Root One, the major new $20 million national initiative announced by The Marcus Foundation in Atlanta to pump new life into teen trips to Israel, is off to a strong start.
Despite all the uncertainties connected with international travel during the pandemic, the program, announced in September, is running at full capacity and is being built out for future growth.
As the program approaches the midpoint of its first year almost all of the 5,000 individual grants for teen travel in 2021 have been snapped up.
They each provide a $3,000 voucher to defray the cost of the trip for 10th, 11th and 12th graders, leaving families to come up with $1,500 additional that’s needed for the multi- week program.
According to The Marcus Foundation there’s been a 58 percent increase in participation this year, over the number of teen travelers in 2019. But the numbers only tell part of the story. For Rabbi Yoni Kaiser-Blueth, who developed Root One at The Marcus Foundation, there a qualitative goal as well.Rabbi Yoni Kaiser-Blueth, who developed the Root grant, has been a Hillel leader at George Washington University.
“We really want to build out a pipeline of teens that is connected to the next stage of Jewish life. The hope is that by getting kids to experience Israel at a deeper level, that when they get to college, they’ll have the ability to advocate for and to be part of the pro-Israel community on college campuses.”
To build participation, the program partnered last fall with five of the major organizations that are involved with programming for Jewish adolescents: United Synagogue Youth, Ramah Israel, Union of Reform Judaism/NFTY, Orthodox NCSY and B’nai B’rith Youth Organization, which represent a broad cross section of Jewish life. That has since been expanded to over 20 organizations nationally. They have all been brought together to help prepare young people for a rich experience in Israel, according to Rabbi Kaiser-Blueth.
“We want to create a marketplace of content providers so that each organization can select a menu of modules or topics that they want for their teams. We want them all to be engaged with their participants in the months leading up to their trip.”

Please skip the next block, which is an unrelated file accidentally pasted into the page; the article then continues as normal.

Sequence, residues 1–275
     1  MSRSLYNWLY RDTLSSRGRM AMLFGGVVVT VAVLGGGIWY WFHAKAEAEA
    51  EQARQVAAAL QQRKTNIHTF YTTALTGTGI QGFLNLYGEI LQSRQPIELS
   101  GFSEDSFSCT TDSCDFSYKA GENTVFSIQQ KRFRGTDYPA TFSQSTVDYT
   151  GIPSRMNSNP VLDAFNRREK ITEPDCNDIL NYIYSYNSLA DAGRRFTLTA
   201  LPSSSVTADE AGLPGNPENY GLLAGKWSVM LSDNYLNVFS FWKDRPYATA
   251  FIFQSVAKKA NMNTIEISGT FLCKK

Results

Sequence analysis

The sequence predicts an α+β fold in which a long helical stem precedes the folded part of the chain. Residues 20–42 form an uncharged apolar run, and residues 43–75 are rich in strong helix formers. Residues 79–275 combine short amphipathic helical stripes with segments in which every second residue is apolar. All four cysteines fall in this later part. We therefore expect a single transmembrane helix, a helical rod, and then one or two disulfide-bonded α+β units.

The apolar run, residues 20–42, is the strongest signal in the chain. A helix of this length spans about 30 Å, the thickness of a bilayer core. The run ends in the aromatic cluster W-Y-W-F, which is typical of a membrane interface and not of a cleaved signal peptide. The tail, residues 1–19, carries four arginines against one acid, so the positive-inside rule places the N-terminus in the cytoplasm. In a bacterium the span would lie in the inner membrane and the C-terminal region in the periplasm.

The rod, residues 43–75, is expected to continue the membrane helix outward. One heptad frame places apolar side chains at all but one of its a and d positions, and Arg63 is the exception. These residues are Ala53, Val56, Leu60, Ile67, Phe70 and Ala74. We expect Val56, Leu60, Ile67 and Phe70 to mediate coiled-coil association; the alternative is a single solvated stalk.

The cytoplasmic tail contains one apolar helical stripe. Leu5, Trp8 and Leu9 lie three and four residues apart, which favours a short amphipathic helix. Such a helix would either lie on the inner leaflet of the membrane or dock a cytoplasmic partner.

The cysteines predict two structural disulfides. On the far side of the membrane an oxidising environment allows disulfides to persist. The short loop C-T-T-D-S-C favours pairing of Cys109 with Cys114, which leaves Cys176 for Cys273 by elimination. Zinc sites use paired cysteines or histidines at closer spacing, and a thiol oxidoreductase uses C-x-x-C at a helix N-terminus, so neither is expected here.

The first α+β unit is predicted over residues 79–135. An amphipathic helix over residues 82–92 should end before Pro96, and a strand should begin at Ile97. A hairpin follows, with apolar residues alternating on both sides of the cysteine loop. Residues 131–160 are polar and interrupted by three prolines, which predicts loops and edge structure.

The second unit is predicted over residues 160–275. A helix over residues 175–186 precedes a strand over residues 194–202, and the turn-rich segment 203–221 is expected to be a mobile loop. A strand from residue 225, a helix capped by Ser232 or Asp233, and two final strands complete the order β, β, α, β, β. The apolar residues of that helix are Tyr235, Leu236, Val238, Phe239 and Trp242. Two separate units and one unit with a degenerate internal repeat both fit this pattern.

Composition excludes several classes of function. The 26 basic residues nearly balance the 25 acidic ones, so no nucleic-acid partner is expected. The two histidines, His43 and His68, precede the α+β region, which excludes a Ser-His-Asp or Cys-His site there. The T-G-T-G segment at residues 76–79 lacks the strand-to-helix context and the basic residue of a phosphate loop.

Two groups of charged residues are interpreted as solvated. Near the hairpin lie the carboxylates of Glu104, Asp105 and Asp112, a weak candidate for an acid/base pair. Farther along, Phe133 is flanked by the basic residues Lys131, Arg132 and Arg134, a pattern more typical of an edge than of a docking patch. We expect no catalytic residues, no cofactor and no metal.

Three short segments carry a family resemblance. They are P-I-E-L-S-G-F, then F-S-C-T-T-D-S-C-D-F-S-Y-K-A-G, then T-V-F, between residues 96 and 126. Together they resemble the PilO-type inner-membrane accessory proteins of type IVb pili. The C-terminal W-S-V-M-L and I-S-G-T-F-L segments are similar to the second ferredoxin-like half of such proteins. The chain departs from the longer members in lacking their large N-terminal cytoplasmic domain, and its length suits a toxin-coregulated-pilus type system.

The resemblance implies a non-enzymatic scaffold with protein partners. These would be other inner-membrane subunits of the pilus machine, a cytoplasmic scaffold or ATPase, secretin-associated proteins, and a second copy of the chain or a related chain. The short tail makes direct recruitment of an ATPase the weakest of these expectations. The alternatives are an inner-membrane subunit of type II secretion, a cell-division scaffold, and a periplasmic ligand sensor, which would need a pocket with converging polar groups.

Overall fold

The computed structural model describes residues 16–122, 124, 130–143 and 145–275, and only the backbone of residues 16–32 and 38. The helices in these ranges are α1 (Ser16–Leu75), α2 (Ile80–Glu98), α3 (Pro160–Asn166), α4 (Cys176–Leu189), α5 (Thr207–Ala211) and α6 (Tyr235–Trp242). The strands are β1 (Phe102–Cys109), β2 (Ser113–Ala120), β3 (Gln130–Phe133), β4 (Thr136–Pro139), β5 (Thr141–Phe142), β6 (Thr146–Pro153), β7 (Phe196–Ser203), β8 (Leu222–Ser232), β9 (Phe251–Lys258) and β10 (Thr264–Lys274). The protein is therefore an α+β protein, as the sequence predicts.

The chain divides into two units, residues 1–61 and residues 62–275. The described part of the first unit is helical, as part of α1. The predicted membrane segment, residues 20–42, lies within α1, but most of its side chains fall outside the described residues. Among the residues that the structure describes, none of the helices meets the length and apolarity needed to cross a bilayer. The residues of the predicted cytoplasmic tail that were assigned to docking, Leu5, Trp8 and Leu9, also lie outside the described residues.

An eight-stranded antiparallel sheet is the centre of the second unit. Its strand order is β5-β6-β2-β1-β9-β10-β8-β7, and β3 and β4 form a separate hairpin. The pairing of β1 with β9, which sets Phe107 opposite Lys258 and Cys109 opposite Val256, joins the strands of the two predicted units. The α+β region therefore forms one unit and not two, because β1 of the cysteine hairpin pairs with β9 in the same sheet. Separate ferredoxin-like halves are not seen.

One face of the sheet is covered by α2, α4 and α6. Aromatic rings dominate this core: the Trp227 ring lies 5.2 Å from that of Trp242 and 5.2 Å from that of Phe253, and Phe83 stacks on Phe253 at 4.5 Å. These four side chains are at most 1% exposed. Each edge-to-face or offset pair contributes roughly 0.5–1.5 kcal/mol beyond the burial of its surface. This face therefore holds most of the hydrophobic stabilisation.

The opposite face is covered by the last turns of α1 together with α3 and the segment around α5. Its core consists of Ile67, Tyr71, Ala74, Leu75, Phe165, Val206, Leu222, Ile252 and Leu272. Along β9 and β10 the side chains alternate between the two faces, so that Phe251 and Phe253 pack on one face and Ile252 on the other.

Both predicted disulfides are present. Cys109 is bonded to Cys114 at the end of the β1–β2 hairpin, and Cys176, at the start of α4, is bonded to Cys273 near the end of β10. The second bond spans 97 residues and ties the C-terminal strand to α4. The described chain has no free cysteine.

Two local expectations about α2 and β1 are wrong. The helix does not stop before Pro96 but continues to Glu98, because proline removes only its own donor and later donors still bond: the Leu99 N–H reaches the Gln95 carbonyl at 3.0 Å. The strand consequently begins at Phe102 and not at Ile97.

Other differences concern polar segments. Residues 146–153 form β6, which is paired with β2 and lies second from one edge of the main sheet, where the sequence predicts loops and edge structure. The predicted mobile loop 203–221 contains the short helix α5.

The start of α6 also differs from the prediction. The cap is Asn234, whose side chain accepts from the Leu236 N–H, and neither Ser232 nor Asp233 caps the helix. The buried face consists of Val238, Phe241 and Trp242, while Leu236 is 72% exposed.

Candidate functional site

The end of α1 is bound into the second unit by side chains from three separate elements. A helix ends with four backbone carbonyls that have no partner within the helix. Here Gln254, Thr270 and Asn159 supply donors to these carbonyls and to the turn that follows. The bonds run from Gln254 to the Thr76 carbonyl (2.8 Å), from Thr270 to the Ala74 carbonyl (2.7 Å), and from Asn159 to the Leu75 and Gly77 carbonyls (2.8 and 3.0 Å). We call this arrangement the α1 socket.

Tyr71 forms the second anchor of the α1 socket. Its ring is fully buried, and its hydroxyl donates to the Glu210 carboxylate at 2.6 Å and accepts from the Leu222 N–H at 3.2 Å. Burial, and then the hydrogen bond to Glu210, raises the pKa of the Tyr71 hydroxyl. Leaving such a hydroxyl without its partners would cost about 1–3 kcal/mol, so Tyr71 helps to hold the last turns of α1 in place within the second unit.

Among those who are coming up with new educational initiatives is Atlanta’s JumpSpark Atlanta organization, which is itself a new way to more fully engage teens in Jewish communal life. In January the group hosted “Teaching Israel in 2021” to help give 84 Jewish educators in Atlanta who participated the confidence and tools to move forward.
Kelly Cohen, JumpSpark’s executive director, said, “A lot of educators get very nervous around teaching Israel, talking about Israel. And we really want to help give them the skills and the resources to feel confident in teaching about Israel, talking about Israel and promoting teen Israel travel.”
JumpSpark is about to launch a new Root One teen program. It’s called the Amplifying Israel Team Fellowship in which four teams of young people who are involved in the Israel trips are partnering with teens in a sister city in Israel, It’s a way JumpSpark’s Cohen hopes to boost the number of young people going to Israel next year by 90 percent. She sees Root One as not just to build partnerships in Israel but to help create a more dynamic future.
“These Israel programs are really building a whole army of folks on the ground who will be speaking from their own experience. Having gone on these Israel trips, they will help to recruit others to go on Israel trips. Peer-to-peer engagement has been a very successful model for us in moving the needle of engagement among teens here.”
According to the executive director of the national Root One program, Simon Amiel, who spent 13 years developing campus programs for Hillel, Root One is about a wide range of options for teens.
Marcus Foundation’s Renay Blumenthal has a long history in Atlanta philanthropy.
“There’s tremendous opportunity for us to further deepen their growth in Jewish life, and so we look at that as the arc of the Israel experience. So that’s where our investment primary lies, in the entire arc of the Israel experience.”
For The Marcus Foundation, the grant for the first year is just a down-payment on helping to build a long-term commitment by a large community of funders and nonprofits to take the program to its next level.
As foundation vice president Renay Blumenthal sees it, Root One has the potential to loom large in the future of Jewish life.
“For Bernie Marcus, who established The Marcus Foundation, philanthropy is not just about writing checks for things. He wants to transform things. He wants to create change. And I think that’s what he feels like he’s doing. The ultimate goal of this program is to change the trajectory of Jewish connection, Jewish identity and connection to Israel for our youth, and have kids be prepared before they step foot on college campuses.”
This article was originally published in the Atlanta Jewish Times. Read it here.